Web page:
Your current investments are covered up to a maximum of $500,000 total, including $250,000 in cash balances through the Securities Investors Protection Corporation (SIPC). SIPC coverage does not insure against the potential loss of market value. For uninvested funds, your Stash account is enrolled in something called the Apex FDIC-insured Sweep Program. And here are the details:

Stash accounts are enrolled in an interest-bearing Federal Deposit Insurance Corporation (FDIC) insured Sweep Program (“Sweep Program”) offered through our clearing firm, Apex Clearing Corp. Uninvested Cash in your Stash account will automatically be transferred into the Sweep Program and will earn interest based on the amount and duration of deposits and applicable interest rates. Deposits to the Sweep Program are covered by FDIC insurance up to the $250,000 limit per customer at each FDIC-insured bank that participates in the Sweep Program.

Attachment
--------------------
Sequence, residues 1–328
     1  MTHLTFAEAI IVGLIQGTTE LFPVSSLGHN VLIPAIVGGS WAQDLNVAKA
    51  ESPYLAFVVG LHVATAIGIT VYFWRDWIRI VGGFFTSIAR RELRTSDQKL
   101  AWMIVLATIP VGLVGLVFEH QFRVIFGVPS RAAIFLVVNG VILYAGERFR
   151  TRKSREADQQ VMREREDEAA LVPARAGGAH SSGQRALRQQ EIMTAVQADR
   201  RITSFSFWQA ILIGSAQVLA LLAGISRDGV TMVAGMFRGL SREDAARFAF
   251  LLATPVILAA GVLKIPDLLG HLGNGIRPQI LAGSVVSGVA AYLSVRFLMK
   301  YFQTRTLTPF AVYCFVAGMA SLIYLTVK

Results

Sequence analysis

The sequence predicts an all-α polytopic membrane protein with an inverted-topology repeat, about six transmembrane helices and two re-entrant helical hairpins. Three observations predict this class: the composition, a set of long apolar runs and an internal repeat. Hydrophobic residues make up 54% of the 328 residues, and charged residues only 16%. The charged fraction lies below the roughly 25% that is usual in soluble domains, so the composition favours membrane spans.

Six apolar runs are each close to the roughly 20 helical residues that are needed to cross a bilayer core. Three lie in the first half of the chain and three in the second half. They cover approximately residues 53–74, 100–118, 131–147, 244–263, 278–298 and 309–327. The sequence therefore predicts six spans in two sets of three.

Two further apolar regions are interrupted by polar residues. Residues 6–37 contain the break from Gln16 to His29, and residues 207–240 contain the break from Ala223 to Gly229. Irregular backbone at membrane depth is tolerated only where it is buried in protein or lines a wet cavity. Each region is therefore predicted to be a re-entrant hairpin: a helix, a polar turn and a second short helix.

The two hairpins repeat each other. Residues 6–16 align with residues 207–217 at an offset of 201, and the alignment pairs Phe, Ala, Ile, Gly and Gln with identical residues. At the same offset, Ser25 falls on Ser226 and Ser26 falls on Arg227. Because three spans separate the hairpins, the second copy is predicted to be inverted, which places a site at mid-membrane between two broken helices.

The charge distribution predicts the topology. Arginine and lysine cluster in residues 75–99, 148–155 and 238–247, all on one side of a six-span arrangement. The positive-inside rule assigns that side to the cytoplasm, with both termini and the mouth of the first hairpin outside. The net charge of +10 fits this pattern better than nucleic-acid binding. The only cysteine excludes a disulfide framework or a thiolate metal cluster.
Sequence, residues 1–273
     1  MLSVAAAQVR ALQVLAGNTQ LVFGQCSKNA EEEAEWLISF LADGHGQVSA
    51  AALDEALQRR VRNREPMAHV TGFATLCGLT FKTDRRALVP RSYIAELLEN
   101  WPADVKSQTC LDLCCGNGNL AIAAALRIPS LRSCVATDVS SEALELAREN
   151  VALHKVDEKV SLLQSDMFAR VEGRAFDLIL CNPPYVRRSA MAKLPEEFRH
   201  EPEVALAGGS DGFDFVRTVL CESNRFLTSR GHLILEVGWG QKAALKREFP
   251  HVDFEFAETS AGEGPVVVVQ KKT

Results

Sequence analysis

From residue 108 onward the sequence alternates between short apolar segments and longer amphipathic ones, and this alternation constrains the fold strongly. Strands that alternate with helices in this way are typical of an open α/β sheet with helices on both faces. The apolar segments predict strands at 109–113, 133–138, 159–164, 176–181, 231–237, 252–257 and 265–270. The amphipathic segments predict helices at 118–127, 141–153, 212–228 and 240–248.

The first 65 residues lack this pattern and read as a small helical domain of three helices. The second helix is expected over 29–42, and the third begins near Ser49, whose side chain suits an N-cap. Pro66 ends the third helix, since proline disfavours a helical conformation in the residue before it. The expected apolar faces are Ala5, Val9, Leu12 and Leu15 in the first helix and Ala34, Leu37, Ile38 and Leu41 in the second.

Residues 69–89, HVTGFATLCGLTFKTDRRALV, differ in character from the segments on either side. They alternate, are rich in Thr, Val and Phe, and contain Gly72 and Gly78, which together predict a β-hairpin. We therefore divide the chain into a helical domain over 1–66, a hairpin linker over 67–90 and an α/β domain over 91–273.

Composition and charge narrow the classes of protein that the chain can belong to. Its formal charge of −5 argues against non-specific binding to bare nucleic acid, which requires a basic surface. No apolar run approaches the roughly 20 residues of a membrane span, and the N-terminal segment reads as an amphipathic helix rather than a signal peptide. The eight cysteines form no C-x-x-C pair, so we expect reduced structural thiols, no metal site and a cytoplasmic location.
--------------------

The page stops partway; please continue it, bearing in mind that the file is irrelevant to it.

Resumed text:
Once your cash balances are deposited with the participating banks under the Sweep Program, they will no longer be covered by SIPC.

Please ensure that you read the Terms and Conditions of the Sweep Program carefully. As with all investments, you should consider carefully if the Sweep Program meets your investment objectives.

Security

Stash uses 256-bit encryption to secure your information, including personal data and fund purchase history. Stash further secures your account with Secure Socket Layer (SSL) technology, which ensures any and all information sent between Stash and its servers is protected.

Stash will never withdraw funds from your checking or savings account without your consent. In order to purchase any of the investments offered through Stash, you need to link a bank account to transfer funds and to make your desired investment purchase.